Bicycle Powered Thresher

Farmhack has complete instructions for making a bicycle powered thresher. It works on various crops including dry beans, wheat, rice, rye, einkorn, and lupine, and threshes about one pound per minute.

This is the first of three tools for small scale grain processing. The other two tools are the bicycle powered fanning mill and the bicycle powered de-huller/flour mill.

Unlike some “hacks” for small farmers, the Grain Bikes don’t solve an acknowledged problem so much as create new opportunities for small farmers. Dry beans and grains are non-perishable, can be sold, eaten, or planted to avoid seed costs (such as rye for cover crops), and, the labor for processing them can be shunted to the winter when more time is available.

Find the manual at Farmhack.

 

The Big Velomobiles Graphic

velomobiles graphicMads Phikamphon from Denmark published an infographic depicting 27 velomobiles with their specifications and performance. It’s a handy overview for those who are considering to try one of these vehicles that blur the lines between cars and bicycles. The infographic was originally published at Cykelvalg. We leave the word to Mads:

“Most people consider velomobiles as a rather new invention, but the first velomobiles were actually invented much earlier than most people think. In the 1930s you could buy a set of instructions to build your own “Fantom” – a velomobile for 2 persons made out of wood. Thousands of copies of the instructions were sold, but few bikes were built and soon the velomobiles were all but forgotten as cars got more and more popular. It wasn’t until the oil crisis in the 1970s that velomobiles again started to get some attention. A well recognized velomobile from that time is the “Leitra” that remains a popular model amongst many velomobile enthusiasts.”

“As you can see in the graphic below, there are now lots of models to choose between if you want a velomobile, although almost all of them share quite a few characteristics: 3 wheels, an aerodynamic body and room for just one person. Thanks to the aerodynamic body a velomobile is also the fastest HPV or Human Powered Vehicle around. In 2013 a “Velo X3” velomobile reached an amazing 134 km/h (83 mph) and many people expect the “Arion” velomobile to go even faster when it’s ready for testing in 2015. The only big problem that remains is that all the models are rather expensive. No velomobiles are being mass manufactured, so the price of a new velomobile remains at least $3000.” [Read more…]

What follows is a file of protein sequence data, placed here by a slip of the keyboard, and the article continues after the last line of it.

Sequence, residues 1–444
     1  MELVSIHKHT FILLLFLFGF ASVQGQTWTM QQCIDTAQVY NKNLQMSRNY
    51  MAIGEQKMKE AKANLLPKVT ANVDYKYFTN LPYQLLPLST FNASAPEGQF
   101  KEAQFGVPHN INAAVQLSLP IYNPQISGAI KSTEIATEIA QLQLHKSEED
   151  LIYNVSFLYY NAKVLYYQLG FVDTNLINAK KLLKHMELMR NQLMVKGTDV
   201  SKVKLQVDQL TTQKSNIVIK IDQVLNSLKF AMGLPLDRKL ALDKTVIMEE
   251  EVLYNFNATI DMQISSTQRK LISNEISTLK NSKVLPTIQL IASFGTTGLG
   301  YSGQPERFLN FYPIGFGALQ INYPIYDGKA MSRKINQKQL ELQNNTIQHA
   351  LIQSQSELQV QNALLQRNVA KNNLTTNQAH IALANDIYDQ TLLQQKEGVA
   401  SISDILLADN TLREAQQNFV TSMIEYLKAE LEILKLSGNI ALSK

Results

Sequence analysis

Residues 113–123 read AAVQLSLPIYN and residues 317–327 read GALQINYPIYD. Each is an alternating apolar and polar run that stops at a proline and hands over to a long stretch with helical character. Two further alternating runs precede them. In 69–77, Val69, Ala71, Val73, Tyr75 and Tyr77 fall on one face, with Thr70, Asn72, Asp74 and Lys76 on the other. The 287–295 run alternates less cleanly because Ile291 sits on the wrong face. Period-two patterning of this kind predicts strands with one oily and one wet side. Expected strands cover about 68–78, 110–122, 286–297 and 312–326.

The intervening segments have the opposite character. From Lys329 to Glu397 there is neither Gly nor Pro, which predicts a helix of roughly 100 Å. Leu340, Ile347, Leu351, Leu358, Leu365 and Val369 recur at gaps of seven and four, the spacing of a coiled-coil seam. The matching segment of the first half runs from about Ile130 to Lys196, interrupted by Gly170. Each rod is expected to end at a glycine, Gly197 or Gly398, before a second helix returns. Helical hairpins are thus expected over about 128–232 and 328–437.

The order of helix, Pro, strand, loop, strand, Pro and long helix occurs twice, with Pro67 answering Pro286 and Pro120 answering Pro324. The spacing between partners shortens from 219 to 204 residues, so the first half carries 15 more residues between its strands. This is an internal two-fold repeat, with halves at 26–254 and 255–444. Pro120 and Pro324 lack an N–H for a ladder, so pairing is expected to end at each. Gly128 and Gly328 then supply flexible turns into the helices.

Pedal Powered Farming

culticycle pedal powered tractor

The Culticycle is a pedal powered tractor that can cultivate, seed, spray, or pull gear for most low horsepower tasks. We talked about the first prototype almost two years ago. A new version has now been released, built around a modular tractor frame. Tim Cooke explains us how it’s built and how it works:  [Read more…]

Cycling: Why Tunnels are Better than Bridges

  • Tunnels offer faster journeys than bridges due to less climbing. Steeper gradients can be used than with a bridge because cyclists going into a tunnel first ride downhill and pick up speed which can be used to climb back out of the tunnel.
  • Tunnels have a smaller height difference than bridges. Only need clearance for the height of a cyclist, not for trucks or trains plus electric lines.
  • Tunnels take up less space than a bridge because inclines are shorter.
  • Tunnels are easier to fit into an existing landscape.
  • Tunnels offer protection from wind and rain.
  • A possible disadvantage is low social safety. It is important that cyclists can see out of a tunnel before they enter it. There should be no turns within the tunnel, no-where for a potential mugger to hide. Obviously tunnels should also be well lit.

why tunnels are better than bridges

Picture: All crossings in Assen [The Netherlands] can be used without slowing down. This is one of the many cycle and pedestrian crossings of a major road. Four metre wide cycle-path, separate pedestrian path, gentle inclines, well lit and we can see right through for good social safety. Built in the 1970s, well maintained: last resurfaced 2012.

Quoted from a blogpost at “A view from the cyclepath”, which discusses Dutch standards for cycling tunnels and bridges.

Eight-Wheeler Cargo Cycle

8wheeler cargo bikeThink you need a car or a van to move large and heavy stuff around? Think again. This eight-wheeler cargo cycle features a 10 m2 bamboo loading platform and a 450 kg loading capacity. The chassis is based on that of a concrete mixer. The vehicle has four-wheel steering and independent wheel suspension. With two drivers it achieves an average speed of 10 – 15 km/h, which could be further increased by the use of electric motors.

The cargo cycle was designed and built by Berliner Nico Jungel. Find more pictures and videos at his website. The vehicle was spotted at the International Cargo Bike Festival in Nijmegen, the Netherlands. See all pictures of the event (including more images of the 8-wheeler). Previously: Cargo cyclists replace truck drivers on European city streets.

Foot Powered Sieve and Bandsaw

The Archanes Project, a natural building collective from Greece, shows two interesting designs for foot-powered machines: a sieve and a bandsaw. 

“When George Chiletzakis told us that he wants to make a bandsaw, that will operate without electric power, at the beginning we all laughed. It seemed that this gave him bigger strength and inspiration to show us that he who laughs last, laughs best.”